Older (DreamWorks 50000)
George Michael's fight to free himself from his contract with Sony must have been more about art than commerce. Because judging from the sound of "Older," the singer's first full album in six years, Michael is hardly the hit machine he used to be. That's not to say his new material is badly written; if anything, the likes of "Fastlove" or the jazzy "Move On" show a sophistication sorely lacking in Michael's early work. But there's not much pop in these songs, meaning that even when the rhythm tracks get funky, the music itself stays fairly forlorn. Michael plays quite effectively on the disparity between rhythm and mood, using the contrast between the sassy groove and the self-pitying lyrics in "Star People" to underscore the emptiness of celebrity and letting the jaunty electrobeats beneath "It Doesn't Really Matter" put the lie to the romantic resignation of its lyrics. It's smart work, and sometimes quite moving, but hardly you-gotta-hear-this compelling -- and that's the problem. Melancholy meditations such as "Jesus to a Child" are not going to save his career, and Michael needs to learn that memorable melodies are better than moody ones. After all, he's not getting any younger, as "Older" all-too-painfully makes clear.
Brooks & Dunn
Borderline (Arista 18810)
Who are Brooks & Dunn really? Though their sound seemed solid enough early on, the stylistic shifts that dominate "Borderline" throw the duo's identity into question. It isn't just the way the arrangements shift from lightly Latin percussion on "My Maria" to whining pedal steel guitar on "Why Would I Say Goodbye," and to boogie guitar for "Redneck Rhythm & Blues"; at times, it seems as if the band is suffering from a sort of multiple personality disorder. When they tackle "A Man This Lonely," they make such a strong case for macho sensitivity you might mistake the tune for a Garth Brooks outtake, while the angular guitar and drawling delivery of "Mama Don't Get Dressed Up for Nothing" are enough to make it seem as if the group was trying out its Dire Straits impression. As for "More Than a Margarita," well . . . can you say "sounds like Jimmy Buffett"? (I knew you could.) Add in a few color-by-number genre exercises, such as the halfhearted honky-tonk tune "One Heartache at a Time" or the mild, Mexican-flavored "Tequila Town," and it definitely seems as if this duo is in a desperate identity crisis.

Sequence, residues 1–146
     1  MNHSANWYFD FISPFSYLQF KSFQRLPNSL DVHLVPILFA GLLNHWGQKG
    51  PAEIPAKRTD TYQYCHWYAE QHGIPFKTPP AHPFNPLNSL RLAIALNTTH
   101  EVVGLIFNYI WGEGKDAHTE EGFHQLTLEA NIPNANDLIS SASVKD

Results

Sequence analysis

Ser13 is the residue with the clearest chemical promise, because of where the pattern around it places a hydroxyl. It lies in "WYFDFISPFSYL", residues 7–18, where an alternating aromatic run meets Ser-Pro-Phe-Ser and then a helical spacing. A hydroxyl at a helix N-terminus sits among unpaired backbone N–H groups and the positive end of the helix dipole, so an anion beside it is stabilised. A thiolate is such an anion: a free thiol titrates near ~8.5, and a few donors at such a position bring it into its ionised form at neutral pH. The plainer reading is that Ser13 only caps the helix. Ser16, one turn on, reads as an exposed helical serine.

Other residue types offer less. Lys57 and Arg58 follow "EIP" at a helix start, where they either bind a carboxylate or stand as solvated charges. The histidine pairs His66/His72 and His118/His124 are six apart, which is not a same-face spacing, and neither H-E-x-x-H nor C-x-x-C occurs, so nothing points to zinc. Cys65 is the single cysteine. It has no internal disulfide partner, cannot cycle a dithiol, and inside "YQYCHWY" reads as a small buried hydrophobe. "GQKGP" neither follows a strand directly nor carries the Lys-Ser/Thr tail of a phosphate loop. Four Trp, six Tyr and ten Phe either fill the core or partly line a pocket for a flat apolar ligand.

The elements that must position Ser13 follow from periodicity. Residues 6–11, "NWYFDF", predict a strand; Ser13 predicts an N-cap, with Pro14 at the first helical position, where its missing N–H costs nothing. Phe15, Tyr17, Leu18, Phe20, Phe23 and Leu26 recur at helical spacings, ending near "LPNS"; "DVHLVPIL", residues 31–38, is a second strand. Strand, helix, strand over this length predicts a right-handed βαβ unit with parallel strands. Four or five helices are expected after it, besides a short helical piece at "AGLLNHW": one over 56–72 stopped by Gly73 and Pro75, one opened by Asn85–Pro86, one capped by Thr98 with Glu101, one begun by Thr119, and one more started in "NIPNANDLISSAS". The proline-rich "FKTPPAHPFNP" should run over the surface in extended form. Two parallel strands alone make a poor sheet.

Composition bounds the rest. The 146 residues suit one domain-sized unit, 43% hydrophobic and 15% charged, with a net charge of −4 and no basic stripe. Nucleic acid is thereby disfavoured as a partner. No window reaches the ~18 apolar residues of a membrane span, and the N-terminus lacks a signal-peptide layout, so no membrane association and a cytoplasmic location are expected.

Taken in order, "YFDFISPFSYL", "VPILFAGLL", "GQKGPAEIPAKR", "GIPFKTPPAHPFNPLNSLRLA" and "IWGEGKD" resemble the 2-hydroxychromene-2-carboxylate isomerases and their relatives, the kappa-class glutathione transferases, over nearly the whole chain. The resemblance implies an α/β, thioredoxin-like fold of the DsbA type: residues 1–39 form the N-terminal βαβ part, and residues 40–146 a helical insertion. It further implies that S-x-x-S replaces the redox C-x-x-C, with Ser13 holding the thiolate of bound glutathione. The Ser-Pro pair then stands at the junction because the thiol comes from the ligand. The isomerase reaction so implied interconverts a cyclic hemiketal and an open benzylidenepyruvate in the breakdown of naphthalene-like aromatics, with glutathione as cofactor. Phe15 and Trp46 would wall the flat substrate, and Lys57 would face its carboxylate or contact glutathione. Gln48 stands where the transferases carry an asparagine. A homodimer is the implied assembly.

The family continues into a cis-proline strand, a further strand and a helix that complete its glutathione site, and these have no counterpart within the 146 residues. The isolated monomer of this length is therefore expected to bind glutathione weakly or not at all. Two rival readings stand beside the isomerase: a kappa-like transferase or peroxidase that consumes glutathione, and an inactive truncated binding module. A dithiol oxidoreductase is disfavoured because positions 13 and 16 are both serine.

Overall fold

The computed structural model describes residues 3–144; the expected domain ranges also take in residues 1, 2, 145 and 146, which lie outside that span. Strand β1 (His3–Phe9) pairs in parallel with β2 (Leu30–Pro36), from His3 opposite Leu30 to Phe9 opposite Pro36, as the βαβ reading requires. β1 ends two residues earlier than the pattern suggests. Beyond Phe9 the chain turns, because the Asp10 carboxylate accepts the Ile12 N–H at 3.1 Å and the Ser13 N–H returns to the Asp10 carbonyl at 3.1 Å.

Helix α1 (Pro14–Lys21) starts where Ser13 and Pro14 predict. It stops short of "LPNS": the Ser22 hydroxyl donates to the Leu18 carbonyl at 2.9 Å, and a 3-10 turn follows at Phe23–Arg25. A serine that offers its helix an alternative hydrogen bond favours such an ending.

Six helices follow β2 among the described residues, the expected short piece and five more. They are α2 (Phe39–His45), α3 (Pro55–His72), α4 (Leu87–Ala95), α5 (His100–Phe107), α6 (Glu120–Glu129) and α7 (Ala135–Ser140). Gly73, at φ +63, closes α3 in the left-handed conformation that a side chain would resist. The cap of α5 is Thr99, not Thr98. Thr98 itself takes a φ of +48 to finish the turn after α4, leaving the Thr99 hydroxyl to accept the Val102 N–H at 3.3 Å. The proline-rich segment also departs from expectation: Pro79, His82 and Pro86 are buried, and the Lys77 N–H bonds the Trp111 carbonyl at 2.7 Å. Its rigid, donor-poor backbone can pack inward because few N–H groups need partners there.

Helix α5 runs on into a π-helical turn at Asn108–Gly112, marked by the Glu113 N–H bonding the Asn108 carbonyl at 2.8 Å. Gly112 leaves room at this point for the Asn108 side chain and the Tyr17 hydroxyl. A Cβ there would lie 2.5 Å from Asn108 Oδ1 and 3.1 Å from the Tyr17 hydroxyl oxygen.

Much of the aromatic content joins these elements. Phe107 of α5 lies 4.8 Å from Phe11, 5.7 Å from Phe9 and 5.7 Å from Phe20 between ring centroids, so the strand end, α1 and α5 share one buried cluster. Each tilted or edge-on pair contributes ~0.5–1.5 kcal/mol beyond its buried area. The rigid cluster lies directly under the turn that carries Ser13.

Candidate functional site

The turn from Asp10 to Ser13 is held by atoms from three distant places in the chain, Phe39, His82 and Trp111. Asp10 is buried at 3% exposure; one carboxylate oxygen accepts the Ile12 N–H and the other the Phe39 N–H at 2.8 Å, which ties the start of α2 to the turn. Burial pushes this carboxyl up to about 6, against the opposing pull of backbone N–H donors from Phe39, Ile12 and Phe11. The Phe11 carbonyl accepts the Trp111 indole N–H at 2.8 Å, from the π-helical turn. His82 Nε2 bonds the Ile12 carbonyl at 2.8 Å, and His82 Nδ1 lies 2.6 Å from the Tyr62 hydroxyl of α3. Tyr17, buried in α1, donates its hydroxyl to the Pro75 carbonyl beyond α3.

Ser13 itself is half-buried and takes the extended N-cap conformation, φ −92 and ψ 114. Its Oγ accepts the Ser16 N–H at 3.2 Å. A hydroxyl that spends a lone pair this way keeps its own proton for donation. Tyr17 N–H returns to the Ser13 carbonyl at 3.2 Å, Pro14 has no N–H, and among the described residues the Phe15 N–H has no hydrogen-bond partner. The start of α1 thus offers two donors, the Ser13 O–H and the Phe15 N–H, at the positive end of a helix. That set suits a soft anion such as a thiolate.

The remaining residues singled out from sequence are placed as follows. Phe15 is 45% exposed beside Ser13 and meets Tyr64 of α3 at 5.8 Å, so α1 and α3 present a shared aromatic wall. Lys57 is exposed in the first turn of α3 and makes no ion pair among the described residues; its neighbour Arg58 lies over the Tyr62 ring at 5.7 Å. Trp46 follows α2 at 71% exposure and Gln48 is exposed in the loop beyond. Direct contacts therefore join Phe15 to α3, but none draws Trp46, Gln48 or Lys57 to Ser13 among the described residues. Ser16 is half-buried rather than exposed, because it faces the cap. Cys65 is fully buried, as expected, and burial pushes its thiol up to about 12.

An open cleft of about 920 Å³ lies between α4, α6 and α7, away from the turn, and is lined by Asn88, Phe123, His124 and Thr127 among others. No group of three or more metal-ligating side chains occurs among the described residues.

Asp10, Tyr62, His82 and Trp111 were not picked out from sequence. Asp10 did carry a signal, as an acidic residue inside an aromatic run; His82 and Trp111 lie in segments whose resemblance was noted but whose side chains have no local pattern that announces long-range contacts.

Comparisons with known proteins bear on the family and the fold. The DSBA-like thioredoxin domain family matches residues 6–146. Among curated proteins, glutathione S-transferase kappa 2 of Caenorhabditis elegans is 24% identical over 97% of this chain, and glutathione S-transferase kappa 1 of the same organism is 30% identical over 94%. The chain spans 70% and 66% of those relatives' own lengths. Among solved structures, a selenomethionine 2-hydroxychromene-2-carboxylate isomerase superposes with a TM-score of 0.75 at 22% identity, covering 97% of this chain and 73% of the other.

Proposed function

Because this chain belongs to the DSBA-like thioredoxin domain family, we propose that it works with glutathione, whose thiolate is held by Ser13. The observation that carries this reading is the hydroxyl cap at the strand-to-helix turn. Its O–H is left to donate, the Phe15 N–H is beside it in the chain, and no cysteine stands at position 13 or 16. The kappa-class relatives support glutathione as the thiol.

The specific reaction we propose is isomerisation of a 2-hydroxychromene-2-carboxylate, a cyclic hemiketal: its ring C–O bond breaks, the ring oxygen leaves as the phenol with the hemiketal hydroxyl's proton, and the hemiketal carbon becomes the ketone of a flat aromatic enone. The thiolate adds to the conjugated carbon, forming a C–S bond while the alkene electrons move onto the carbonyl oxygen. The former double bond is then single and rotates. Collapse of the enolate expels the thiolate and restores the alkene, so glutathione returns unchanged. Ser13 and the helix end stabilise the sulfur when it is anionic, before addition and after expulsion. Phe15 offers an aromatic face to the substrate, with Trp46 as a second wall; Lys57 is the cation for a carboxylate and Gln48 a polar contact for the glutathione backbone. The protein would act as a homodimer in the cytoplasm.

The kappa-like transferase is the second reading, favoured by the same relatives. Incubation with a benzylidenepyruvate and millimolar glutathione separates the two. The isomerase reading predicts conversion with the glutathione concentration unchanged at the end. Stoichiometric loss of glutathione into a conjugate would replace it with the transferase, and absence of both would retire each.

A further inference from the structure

Live Around the World (Warner Bros. 46032)
Because many of the studio recordings Miles Davis made toward the end of his career relied so heavily on overdubs and programming, it's easy to forget that his live performances from that era were anything but prefab. Fortunately, there's plenty of hard evidence on hand in "Live Around the World," an 11-tune collection culled from concerts recorded between 1988 and 1990. There's a strong pop component to the album, and those fans who consider "On the Corner" or "Doo-Bop" to be rhythm-driven drivel will doubtless find little to admire in such funk-intensive workouts as "Full Nelson." But only the most churlish and uncharitable could deny the pleasures of his classic Cyndi Lauper cover, "Time After Time," or the melodic grace he brings to the Michael Jackson hit "Human Nature." Besides, for every beat-oriented selection, there's another that's spare and cerebral. The album opens with a lovely evocation of "In a Silent Way" and furthers that mood later with the strikingly lyrical "New Blues" and a stately, well-tempered run through "Mr. Pastorius." All told, it's an impressive document of Davis' last years and a pleasant way to shake up the average fan's preconceptions.
Rude Awakening (Epic 66945)
Prong is hardly the first band to bind the ear-pummeling power of distorted guitar to the bone-crunching intensity of industrial dance music, but even so, there's no denying the impact of "Rude Awakening." From the tightly coiled pulse of "Controller" to the monstrous, malevolent thump of "Face Value," this trio does an admirable job of balancing melodic invention with sonic impact, so the songs seem as memorable as they are powerful. It's also easy to get caught up in the album's oppressive mood, though figuring out just how these dark mutterings connect with the Cold War photos included in the CD booklet takes a little more effort (hint: it helps if you have a CD-ROM drive and can access the multimedia portion of the bonus track). Even if you can't grasp the message, there's no mistaking the music's might, for as "Dark Signs" and "Slicing" make plain, few bands bridge the gap between thrash and industrial as effectively as Prong.
Pub Date: 5/16/96